I’m sure by now it’s no surprise that I’m addicted to visiting the many waterfalls that can be found across Kentucky. One of the most common questions I get asked when I share an image of a waterfall is how you can get to the particular falls. Like many landscape photographers these days, I rarely give out specific information about where a photo was taken. This is to help protect these areas from abuse and overcrowding.
What I’ll do instead, however, is share some of the great resources that are available to the would-be waterfall hunter in Kentucky. So, without further ado, here’s my list of the best resources available to waterfall hunter in Kentucky!
The Kentucky Waterfall Database
No list of Kentucky waterfall resources would be complete without mentioning the Kentucky Waterfall Database. This is THE database for waterfalls in Kentucky and is an invaluable resource to waterfallers in the Bluegrass state. At the time of writing this, the database contains 707 waterfalls, with 616 of those being present on the wonderful waterfall map.
This website isn’t going to hold your hand and give you turn-by-turn directions to a waterfall, which is part of the reason I love it. This helps to ensure that the people visiting these falls are at the necessary skill level to reach them safely and responsibly (for example, many of these waterfalls are located off-trail). What you do get is all of the information you could possibly need to be able to locate them.
The KWAL Facebook Group
What on Earth is KWAL you ask? Well, it stands for Kentucky Waterfalls, Arches and Landscapes and it’s by far one of my favorite groups on Facebook! The name is pretty self-explanatory on this one. The group is a great place to see some of the amazing natural beauty that Kentucky has to offer and to get inspiration for your next excursion. Myself and most other Kentucky-based landscape photographers frequent the group.
USGS Topo Maps Downloader
An absolutely essential tool for any backcountry traveler, especially those who may be wandering off-trail in search of waterfalls, is a good set of topographic maps for the area. Luckily for us in the United States, we can freely download the defacto standard topo maps from the United States Geological Survey. They provide a handy map tool that lets you browse to the areas you want to download so that you can easily find the quads you need and download them.
Paper maps are great (and essential for safe backcountry travel), but what about digital mapping tools? Well, for that it’s hard to beat CalTopo (though I have been recently warming up to the planning tools built into Gaia GPS, but that’s a different topic). CalTopo is a fantastic tool that lets you view, build, and customize your own topographic maps. There are seriously way too many things you can do with the software to list them out here. If you need a good introduction perhaps I could recommend checking out the blog post I wrote on the subject.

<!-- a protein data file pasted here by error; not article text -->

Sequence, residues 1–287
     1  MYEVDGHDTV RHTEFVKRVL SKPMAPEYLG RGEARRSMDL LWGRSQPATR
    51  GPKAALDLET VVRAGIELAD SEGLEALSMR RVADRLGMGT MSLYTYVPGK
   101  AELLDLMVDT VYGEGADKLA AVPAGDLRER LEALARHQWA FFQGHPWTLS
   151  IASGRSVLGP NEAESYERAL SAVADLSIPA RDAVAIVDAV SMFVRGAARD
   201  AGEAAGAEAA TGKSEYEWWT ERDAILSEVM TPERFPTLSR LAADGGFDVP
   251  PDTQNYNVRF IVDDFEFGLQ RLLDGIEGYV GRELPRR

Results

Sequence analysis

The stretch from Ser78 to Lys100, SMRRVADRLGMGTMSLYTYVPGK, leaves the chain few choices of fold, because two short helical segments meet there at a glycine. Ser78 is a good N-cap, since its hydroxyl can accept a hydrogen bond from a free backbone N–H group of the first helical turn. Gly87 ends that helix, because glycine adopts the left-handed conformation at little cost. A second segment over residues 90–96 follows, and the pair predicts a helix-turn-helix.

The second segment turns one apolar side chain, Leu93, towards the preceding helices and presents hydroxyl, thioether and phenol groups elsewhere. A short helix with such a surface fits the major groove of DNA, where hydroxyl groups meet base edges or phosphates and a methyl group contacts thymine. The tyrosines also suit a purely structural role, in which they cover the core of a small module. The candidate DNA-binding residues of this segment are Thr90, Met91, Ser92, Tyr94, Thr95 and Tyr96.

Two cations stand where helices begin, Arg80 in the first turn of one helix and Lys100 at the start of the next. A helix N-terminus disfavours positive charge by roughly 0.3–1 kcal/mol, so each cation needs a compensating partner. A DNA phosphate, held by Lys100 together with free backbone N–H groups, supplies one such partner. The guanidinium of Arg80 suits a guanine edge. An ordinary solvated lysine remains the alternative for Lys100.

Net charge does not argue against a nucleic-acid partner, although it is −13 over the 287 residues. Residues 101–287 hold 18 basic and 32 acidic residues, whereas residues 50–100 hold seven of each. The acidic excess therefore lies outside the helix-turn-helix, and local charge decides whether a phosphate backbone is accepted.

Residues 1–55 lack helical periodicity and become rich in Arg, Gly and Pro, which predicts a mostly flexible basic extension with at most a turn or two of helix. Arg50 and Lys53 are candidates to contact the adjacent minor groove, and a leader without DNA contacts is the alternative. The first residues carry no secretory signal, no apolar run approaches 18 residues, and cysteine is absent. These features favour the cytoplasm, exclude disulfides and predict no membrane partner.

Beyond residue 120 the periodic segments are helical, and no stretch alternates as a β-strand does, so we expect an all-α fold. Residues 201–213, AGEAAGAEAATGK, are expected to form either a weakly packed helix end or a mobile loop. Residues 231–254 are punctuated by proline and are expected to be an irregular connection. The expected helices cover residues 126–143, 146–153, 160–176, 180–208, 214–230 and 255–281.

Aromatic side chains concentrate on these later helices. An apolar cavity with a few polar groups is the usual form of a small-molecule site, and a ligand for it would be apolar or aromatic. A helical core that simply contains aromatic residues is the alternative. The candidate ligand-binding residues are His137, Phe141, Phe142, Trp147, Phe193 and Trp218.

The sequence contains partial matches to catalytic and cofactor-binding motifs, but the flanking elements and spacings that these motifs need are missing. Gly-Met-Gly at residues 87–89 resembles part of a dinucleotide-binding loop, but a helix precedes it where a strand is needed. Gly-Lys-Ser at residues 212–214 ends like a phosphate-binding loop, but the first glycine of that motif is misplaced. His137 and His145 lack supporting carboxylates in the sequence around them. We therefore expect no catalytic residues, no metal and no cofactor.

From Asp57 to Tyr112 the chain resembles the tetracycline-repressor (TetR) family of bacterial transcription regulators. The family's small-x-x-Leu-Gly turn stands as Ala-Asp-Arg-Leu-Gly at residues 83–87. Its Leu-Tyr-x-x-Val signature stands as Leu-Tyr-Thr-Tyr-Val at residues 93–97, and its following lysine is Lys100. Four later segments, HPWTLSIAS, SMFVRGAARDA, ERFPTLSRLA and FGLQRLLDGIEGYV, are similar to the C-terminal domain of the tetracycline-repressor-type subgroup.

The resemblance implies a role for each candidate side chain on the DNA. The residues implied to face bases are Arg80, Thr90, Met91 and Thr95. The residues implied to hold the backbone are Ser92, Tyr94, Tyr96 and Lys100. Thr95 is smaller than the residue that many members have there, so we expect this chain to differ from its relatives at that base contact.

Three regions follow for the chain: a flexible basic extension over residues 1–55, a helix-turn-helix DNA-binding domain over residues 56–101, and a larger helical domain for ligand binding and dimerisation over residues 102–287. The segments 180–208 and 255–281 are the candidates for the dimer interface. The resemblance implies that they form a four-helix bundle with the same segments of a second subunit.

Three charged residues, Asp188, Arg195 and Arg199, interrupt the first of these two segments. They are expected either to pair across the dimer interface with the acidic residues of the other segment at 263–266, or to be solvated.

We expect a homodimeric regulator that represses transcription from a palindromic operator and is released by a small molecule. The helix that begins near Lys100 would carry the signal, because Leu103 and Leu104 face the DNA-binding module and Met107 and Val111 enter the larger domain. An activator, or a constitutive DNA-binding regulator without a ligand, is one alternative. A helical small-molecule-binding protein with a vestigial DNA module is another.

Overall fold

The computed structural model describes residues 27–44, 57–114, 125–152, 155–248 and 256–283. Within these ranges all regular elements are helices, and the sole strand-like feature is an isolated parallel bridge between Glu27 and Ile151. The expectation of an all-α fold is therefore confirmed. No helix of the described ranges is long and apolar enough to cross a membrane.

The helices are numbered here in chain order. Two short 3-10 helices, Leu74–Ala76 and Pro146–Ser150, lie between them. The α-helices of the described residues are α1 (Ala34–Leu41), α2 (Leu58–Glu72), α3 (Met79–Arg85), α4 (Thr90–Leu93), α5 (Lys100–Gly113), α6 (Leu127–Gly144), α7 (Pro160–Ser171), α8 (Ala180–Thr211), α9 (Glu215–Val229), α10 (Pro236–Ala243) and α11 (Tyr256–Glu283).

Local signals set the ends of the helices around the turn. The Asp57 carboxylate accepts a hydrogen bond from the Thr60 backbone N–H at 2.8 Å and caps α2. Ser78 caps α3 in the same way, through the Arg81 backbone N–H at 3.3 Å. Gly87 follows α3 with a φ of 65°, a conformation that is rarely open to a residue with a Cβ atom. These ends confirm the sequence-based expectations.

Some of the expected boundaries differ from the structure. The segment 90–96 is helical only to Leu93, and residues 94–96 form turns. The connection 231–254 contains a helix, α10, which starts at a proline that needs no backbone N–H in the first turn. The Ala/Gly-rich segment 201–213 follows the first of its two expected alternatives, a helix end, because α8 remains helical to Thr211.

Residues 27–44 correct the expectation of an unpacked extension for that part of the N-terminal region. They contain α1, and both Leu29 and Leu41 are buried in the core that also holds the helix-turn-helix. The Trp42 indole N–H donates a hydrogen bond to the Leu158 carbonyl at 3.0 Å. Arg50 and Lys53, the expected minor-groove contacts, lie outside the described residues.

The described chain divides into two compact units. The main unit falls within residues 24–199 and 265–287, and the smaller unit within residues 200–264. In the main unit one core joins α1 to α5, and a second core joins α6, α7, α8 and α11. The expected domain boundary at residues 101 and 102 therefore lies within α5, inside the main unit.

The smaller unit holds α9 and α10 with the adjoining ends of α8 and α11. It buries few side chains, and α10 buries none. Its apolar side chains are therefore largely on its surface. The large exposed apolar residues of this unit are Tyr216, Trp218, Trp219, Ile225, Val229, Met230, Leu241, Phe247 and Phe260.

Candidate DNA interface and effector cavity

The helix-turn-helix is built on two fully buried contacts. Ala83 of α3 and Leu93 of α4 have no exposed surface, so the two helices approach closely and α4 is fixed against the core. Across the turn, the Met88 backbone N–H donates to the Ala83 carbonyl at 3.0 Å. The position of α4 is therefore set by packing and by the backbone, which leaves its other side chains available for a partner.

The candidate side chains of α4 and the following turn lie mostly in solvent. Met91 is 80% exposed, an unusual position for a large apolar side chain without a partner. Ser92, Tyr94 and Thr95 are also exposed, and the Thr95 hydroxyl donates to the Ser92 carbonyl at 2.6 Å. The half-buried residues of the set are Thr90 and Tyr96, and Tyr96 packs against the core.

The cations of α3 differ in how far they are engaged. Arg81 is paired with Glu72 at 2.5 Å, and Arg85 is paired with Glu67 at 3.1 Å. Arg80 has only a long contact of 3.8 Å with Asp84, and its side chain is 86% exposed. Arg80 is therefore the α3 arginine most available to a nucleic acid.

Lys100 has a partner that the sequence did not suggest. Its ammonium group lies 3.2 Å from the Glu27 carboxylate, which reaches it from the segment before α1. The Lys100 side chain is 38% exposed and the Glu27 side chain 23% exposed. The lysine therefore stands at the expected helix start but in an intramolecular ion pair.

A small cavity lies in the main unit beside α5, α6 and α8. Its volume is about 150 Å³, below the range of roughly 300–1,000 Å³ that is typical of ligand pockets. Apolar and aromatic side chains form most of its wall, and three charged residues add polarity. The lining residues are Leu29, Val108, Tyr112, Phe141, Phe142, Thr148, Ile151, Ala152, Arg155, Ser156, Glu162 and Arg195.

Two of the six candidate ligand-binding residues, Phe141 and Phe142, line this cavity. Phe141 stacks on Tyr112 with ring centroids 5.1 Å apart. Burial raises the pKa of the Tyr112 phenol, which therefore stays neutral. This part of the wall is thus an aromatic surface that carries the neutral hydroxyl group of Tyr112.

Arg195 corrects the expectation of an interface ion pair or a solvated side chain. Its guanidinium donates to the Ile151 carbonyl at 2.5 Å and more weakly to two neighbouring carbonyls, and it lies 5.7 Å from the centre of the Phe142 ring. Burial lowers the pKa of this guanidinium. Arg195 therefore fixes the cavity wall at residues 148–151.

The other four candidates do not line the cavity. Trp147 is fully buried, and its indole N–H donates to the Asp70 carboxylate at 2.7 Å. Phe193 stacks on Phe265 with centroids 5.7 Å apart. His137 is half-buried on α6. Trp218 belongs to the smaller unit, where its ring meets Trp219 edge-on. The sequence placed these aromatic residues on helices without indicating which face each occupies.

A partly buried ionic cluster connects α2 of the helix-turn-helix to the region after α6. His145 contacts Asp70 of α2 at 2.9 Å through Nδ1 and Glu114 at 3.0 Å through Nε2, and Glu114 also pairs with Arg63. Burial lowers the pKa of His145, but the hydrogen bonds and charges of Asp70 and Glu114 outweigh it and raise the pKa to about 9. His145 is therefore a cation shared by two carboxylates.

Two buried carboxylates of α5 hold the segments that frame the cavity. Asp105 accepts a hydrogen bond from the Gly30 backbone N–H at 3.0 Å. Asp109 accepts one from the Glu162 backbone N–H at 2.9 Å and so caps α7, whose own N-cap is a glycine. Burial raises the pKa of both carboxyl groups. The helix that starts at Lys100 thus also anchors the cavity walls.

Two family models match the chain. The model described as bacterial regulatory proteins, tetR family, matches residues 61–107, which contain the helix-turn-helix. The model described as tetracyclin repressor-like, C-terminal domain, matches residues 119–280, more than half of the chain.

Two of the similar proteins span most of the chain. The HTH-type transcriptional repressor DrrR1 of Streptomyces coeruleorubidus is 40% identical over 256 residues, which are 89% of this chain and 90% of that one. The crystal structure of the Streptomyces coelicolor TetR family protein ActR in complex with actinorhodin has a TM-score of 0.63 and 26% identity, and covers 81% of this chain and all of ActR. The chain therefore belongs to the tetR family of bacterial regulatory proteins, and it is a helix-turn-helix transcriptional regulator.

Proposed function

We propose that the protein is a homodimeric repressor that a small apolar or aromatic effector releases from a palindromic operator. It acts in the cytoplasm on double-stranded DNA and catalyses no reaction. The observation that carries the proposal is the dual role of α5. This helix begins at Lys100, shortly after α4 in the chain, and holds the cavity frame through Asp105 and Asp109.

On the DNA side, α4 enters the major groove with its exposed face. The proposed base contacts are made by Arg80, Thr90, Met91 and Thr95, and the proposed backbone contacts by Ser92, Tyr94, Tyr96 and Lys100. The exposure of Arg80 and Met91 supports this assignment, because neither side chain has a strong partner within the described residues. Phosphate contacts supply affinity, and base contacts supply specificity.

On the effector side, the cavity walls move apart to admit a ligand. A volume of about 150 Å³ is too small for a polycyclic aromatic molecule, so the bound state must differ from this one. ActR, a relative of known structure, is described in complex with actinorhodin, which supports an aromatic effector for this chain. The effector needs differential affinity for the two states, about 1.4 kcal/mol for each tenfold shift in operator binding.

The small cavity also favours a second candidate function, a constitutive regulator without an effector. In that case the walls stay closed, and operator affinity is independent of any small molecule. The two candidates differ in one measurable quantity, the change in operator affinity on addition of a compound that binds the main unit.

I was hesitant to mention this one since I don’t intend to get too much into LIDAR in this post. It’s not because LIDAR isn’t useful (quite the opposite, actually). It’s just that it’s a topic that is far too large to dive into in this post. If there is interest, however, I could work up a dedicated post on the subject.
So, what is LIDAR mapping? Well, it’s a method of mapping terrain by bouncing lasers off the ground. This is useful because it allows us to build extremely detailed elevation maps for an area. The maps produced are so detailed that you can often make out trails and old logging roads in the terrain! As such, it’s a great tool for not only planning routes to a waterfall but for finding new waterfalls. It really is a fantastic tool!
As a bonus that you may not realize, the Kentucky Waterfall Map, mentioned earlier in this post, has its own LIDAR layer 😉
Google Maps Aerial View
So you’ve found a waterfall, prepared your maps, and found the best route down to it. Now, where are you going to park? What does the general area actually look like? These and many other questions are easily answered using the aerial view in Google Maps. To be honest, I don’t think this resource needs much more of an introduction, but I figured it’s worth pointing out. On a related note, Google Earth is another fantastic tool!
You may recall that at the beginning of this post I mentioned that I and many other photographers don’t just give out the locations of natural formations anymore. This isn’t to say that we won’t share with anyone and want to just selfishly keep these wonders to ourselves (well, at least we’re not all like that). It’s just that we aren’t going to give out the information to any old person who we don’t have confidence we can’t trust to treat the place with respect.
In other words, I’m saying that you can’t approach a photographer who you don’t know and haven’t had any interactions with and just expect that they’re going to hand you all of the information that you’re looking for. Like so many other communities, the Kentucky landscape communities are far more open to sharing information with you when you’ve built up a reputation with them.
By far the best way to learn the locations of stuff is to get involved in the communities and start making friends! Not only are you going to learn some new stuff, but you’ll meet some great people in the process!
That’s All Folks
That’s it (for now)! Hopefully, these resources will help answer the relentless question of “How do I find waterfalls in Kentucky” or “Pretty picture, where is this located?”.
What about other resources? Is there one you absolutely love that I didn’t mention here? I would love to hear about them in the comments below!